Full to bursting

Isapaola

Senior Member
Italian Italy
Hello, everybody
Sorry to bother you for something stupid, perhaps. My daughter is doing an exercise and she has found the phrase "I'm full to bursting" with no context. Just the words as they are. Shame on me, but I couldn't help translate it! Probably, or surely, it's my fault. Anyway I am sure any of you can solve this little motherly problem!
Thank you
 
  • AngelEyes

    Senior Member
    English - United States
    If you're full to bursting with an emotion like happiness, it means you're overwhelmed or overcome by that emotion.

    This is a slightly different feature of that expression than from being full to bursting by overeating.

    AngelEyes
     

    Isapaola

    Senior Member
    Italian Italy
    I see what you mean. Actually there is something similar in Italian, too. We say"sto per scoppiare" and it can relate to excess of food or of any sort of situations that may lead to unbearable feelings. Thank you to you too.
     

    AngelEyes

    Senior Member
    English - United States
    I've been trying to think of an AE word that would describe that bursting feeling you get when you eat a lot. The only one I can think of is stuffed.

    You might use it after you've enjoyed a Thanksgiving turkey dinner.

    You've be full to bursting and say, "I can't eat another thing. I'm stuffed."

    I can't come up with a word that would apply to both situations. When you're talking about food, it's a bit of an uncomfortable feeling.

    That's not necessarily true with emotions, though. Even if you're full to bursting with happiness, there's always room for more.

    And while your phrase can be used for the emotional meaning, the more common way for us to say it is, "I'm bursting with happiness."

    Cuchuflete's example use of the full expression for food really is the one most often used.

    AngelEyes
     

    cuchuflete

    Senior Member
    EEUU-inglés
    I've been trying to think of an AE word that would describe that bursting feeling you get when you eat a lot. The only one I can think of is stuffed.

    You might use it after you've enjoyed a Thanksgiving turkey dinner.

    You've be full to bursting and say, "I can't eat another thing. I'm stuffed."

    I can't come up with a word that would apply to both situations. When you're talking about food, it's a bit of an uncomfortable feeling.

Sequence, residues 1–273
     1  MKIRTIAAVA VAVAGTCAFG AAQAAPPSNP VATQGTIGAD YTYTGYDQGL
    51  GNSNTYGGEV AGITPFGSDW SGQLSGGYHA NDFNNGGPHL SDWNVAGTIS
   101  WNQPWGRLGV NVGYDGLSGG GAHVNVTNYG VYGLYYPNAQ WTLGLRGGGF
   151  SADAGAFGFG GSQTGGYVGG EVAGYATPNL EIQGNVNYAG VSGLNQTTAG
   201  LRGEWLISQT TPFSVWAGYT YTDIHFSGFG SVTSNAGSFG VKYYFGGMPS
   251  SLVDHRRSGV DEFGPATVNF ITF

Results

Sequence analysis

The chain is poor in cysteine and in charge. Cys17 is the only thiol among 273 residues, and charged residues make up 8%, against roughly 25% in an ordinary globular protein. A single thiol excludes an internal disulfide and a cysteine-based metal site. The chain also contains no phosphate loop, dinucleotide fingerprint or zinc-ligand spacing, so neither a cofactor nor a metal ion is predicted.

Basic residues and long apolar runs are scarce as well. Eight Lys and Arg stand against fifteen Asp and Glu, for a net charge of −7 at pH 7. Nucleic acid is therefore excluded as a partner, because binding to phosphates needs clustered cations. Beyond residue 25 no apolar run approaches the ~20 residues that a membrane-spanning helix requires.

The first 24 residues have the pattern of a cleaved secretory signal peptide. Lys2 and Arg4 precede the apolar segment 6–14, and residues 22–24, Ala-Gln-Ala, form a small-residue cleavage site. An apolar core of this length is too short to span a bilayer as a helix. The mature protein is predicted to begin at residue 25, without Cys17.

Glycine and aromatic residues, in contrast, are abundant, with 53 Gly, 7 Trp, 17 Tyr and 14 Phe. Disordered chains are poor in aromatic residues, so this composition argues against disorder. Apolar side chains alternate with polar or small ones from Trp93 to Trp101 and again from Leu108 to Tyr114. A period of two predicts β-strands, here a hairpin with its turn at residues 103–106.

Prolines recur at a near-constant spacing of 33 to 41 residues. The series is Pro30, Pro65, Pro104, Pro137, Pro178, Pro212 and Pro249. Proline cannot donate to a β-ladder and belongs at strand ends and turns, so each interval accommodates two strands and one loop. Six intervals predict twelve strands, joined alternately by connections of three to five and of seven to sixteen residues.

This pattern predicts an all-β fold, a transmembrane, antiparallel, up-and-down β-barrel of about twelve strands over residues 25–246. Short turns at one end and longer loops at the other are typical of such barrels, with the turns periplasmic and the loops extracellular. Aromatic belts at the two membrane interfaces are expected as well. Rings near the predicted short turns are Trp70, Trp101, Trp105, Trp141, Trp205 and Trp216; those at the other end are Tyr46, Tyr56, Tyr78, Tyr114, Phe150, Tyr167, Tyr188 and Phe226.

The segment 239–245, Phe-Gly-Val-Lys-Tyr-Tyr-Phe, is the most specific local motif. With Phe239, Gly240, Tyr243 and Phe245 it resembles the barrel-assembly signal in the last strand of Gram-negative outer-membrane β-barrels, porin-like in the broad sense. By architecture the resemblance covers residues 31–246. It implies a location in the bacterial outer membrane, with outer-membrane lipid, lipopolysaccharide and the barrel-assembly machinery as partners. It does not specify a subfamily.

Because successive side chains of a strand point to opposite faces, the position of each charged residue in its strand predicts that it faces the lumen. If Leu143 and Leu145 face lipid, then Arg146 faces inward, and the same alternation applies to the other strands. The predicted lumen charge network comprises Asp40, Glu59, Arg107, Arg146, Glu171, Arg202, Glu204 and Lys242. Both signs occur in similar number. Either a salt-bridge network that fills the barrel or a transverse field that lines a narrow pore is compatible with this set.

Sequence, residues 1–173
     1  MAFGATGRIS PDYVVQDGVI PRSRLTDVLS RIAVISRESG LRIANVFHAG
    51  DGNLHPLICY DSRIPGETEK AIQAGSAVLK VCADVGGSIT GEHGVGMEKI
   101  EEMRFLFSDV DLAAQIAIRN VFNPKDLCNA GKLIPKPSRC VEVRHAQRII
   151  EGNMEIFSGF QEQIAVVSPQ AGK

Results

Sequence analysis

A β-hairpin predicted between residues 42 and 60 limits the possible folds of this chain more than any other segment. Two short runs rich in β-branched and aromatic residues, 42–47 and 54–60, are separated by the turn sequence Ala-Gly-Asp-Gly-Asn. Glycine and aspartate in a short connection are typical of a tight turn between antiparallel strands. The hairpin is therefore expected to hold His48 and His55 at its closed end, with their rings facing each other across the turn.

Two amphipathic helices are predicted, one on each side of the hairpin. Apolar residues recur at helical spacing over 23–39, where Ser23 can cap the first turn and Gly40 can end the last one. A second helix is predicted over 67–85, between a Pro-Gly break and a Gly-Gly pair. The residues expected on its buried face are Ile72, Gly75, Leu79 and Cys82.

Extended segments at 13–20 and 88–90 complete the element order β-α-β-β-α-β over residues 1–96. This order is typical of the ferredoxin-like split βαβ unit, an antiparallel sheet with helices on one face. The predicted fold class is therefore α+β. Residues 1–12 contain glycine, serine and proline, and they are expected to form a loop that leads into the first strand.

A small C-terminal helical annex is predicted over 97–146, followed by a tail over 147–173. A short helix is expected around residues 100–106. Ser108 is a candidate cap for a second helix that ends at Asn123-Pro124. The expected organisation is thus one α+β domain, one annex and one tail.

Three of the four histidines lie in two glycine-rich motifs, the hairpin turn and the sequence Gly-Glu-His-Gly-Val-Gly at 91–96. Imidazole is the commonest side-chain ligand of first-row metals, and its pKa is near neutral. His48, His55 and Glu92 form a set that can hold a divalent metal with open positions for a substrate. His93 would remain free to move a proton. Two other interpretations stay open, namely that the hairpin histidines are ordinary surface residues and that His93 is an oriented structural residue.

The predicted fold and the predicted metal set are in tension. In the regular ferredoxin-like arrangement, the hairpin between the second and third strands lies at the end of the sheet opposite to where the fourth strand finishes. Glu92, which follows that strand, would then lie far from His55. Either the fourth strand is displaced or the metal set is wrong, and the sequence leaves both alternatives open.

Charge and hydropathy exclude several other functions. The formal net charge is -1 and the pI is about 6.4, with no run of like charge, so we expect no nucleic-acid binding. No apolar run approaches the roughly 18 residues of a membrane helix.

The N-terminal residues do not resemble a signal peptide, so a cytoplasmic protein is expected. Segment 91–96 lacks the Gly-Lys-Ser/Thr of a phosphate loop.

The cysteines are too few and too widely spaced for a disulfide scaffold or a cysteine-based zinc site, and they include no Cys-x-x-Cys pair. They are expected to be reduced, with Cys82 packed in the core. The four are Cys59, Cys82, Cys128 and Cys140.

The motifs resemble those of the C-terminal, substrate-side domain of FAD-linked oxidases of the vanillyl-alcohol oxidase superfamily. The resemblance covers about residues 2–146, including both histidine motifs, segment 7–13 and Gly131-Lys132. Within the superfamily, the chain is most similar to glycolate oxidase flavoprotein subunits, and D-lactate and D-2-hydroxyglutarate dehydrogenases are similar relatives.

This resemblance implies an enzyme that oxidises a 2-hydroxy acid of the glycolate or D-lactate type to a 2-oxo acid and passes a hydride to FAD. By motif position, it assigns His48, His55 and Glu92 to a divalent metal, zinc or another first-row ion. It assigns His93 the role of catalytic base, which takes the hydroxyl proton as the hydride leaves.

That's not necessarily true with emotions, though. Even if you're full to bursting with happiness, there's always room for more.

    And while your phrase can be used for the emotional meaning, the more common way for us to say it is, "I'm bursting with happiness."

    Cuchuflete's example use of the full expression for food really is the one most often used.

    AngelEyes
    I suppose you could use sated for both emotions and physical sensations.
     

    Isapaola

    Senior Member
    Italian Italy
    I ca just say: how wonderful it is to visit this forum and meet so many brilliant people. Thank you for every word you wrote, for any minutes you devote to people who asks for youl help.
     

    AngelEyes

    Senior Member
    English - United States
    My only problem with the word sated is that it carries a sexual pleasure-type feeling for me. Can we tie that to food? (Minus chocolate.)

    To be filled to bursting with happiness also feels pleasurable, but I can imagine being able to always find room for more.

    To be filled to bursting with food feels almost close to pain. (Granted, with some pleasure thrown into the mix.) But there comes a point where you just can't take any more.

    That's why I have a problem finding a word that fits both activities.

    Maybe this is just me.

    AngelEyes
     

    cuchuflete

    Senior Member
    EEUU-inglés
    To AngelEyes's problem with sated, I came across it in literature long before I was old enough to delve into the hidden splendors of, errr, artistically erotic scribblings. Yes, it probably is used in the porno trade (what isn't?), but it has a good pedigree elsewhere.
    Full to bursting, on the other hand (in the other hand?) might well be used in some turgid prose of the purple persuasion.

    As usual, both context and what one brings to the page will suggest one meaning atop another. [Puns? What puns?]


    PD- Isapaola, Welcome to the monolingual playground! We may not always be useful, but we have fun trying.
     
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